The Australian Government's reform agenda — both in Aboriginal and Torres Strait Islander affairs and across governments — is to address the structural and systemic problems that are producing appalling outcomes for Aboriginal and Torres Strait Islander people.
A generation of Aboriginal and Torres Strait Islander children — Australian children — is at stake. Time is fast running out. This fact is acknowledged by Indigenous elders and leaders, as well as by government.
There are just over half a million Aboriginal and Torres Strait Islander people in Australia today. There is an unacceptable gap in living standards, life expectancy and education, health and employment outcomes between them and non-Indigenous Australians. Action must be taken now to start closing the gap.
The gap is most evident in remote areas, and it is the children living in some 1200 communities in northern and central Australia who are most seriously affected. Preventable diseases are common and many residents are illiterate and innumerate. An epidemic of alcohol and other substance abuse, violence and anti-social behaviour is destroying lives in many remote communities.
Data indicate that Indigenous outcomes are generally worse in remote areas than urban areas. Compared to the non-Indigenous population, however, Indigenous outcomes across most indicators in urban areas are also poor. For example, at the last National Aboriginal and Torres Strait Islander Social Survey the proportion of Indigenous Australians aged 15 years and over who reported being victims of physical or threatened violence was similar in remote and non-remote areas. The proportion of Indigenous people in employment in urban areas is not significantly higher than in regional or remote areas. Indicators of health disadvantage are not significantly different.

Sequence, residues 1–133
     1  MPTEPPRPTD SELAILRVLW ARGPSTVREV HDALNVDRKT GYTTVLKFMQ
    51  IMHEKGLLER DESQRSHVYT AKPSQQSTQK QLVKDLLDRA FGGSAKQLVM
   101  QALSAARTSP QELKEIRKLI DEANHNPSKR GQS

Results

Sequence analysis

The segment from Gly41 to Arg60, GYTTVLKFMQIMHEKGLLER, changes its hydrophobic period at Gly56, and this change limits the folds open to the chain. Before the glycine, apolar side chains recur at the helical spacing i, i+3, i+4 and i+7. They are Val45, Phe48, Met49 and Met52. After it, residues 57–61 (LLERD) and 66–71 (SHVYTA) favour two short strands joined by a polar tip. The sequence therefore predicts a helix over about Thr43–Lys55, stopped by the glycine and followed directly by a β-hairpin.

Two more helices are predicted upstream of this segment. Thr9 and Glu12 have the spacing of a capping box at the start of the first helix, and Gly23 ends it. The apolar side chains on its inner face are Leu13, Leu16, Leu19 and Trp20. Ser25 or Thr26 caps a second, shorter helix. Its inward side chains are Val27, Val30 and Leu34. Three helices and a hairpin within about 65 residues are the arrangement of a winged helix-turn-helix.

Given that around three-quarters of Australia's Indigenous population lives in non‑remote locations, the absolute number of Indigenous people who are suffering from poor outcomes is often greater in urban and regional areas.
We, therefore, will not close the gap without strategies for addressing disadvantage in urban and regional centres (Table 1).
Table 1: Estimated resident Indigenous population by degree of remoteness, 30 June 2006
|Indigenous Australians||Other Australians||Proportion of the total population that is Indigenous|
|164 274||31.8||14 003 400||69.4||1.2|
|108 207||20.9||3 976 010||19.7||2.6|
|113 301||21.9||1 852 380||9.2||5.8|
|49 478||9.6||265 364||1.3||15.7|
|81 914||15.8||87 160||0.4||48.4|
|Total||517 174||100.0||20 184 314||100.0||2.4|
Source: ABS 2008 No. 4713.0 p.18
Increased funding for programs is not the only solution. We need new approaches and a greater return on investment through working strategically with the States and Territories and with the non-government and private sectors, the latter particularly in relation to a new Indigenous Economic Development Strategy.
In reforming the Australian Government's relationship with the States and Territories, we are identifying and prioritising areas of action and targets in Indigenous affairs.
In the past infrastructure and services have not been provided at the same level as those provided to other Australians. There has been under-investment, parallel service-provision in some areas and poorly designed welfare arrangements, leading to sub-standard services and poor outcomes.